About one in seven crimes committed against ethnic minorities were considered by the victims to be racially motivated.
There is no evidence, however, of a significant changes in the overall number of racially motivated crimes, says the Home Office analysis of findings from the 1996 British Crime Survey. The BCS is considered the most accurate study of crime as it is based on victims' reports of all offences and not just those recorded by the police. The new study examines interviews taken in 1995.
Eight per cent of Pakistanis and Bangladeshis considered themselves to be the victim of a racially motivated crime during 1995, as against 5 per cent of Indians and 4 per cent of black people. Risks for white people were less than 0.5 per cent.
Only about 45 per cent of race crimes were reported to the police, with white people - 55 per cent - far more likely to go to the authorities than non whites - 29 per cent.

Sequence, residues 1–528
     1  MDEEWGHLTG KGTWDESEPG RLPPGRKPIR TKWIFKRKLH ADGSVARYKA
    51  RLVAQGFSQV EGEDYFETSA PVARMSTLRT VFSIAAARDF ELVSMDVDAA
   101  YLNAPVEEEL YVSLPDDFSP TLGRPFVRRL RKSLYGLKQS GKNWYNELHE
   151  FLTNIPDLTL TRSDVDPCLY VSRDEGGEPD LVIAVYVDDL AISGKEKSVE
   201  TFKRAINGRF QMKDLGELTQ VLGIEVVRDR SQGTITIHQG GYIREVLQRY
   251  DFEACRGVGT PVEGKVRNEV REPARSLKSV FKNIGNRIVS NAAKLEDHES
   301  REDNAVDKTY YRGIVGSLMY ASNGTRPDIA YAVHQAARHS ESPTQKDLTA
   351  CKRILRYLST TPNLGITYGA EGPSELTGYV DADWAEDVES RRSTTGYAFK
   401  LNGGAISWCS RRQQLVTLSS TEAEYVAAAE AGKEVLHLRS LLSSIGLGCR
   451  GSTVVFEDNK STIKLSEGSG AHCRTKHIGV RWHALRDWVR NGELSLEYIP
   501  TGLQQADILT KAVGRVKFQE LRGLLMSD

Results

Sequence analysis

The report said that the main reason ethnic minorities were likely to become victims of crime was because they were more likely to live in inner cities, many are young, and they tend to be low paid - all high risk crime factors.
The high level of unreporting is believed to be linked to ethnic minorities' distrust of the police. Chief constables yesterday published a new good practice guide on recording race crimes in an attempt to encourage greater reporting.
Jack Straw, the Home Secretary, said: "Tackling racism is a crucial issue for every force. Building the confidence of all sections of the community is not a side issue - it should be at the centre of all police activity.
"The way forces respond to racial incidents is a key test of whether they are delivering services fairly."Reuse content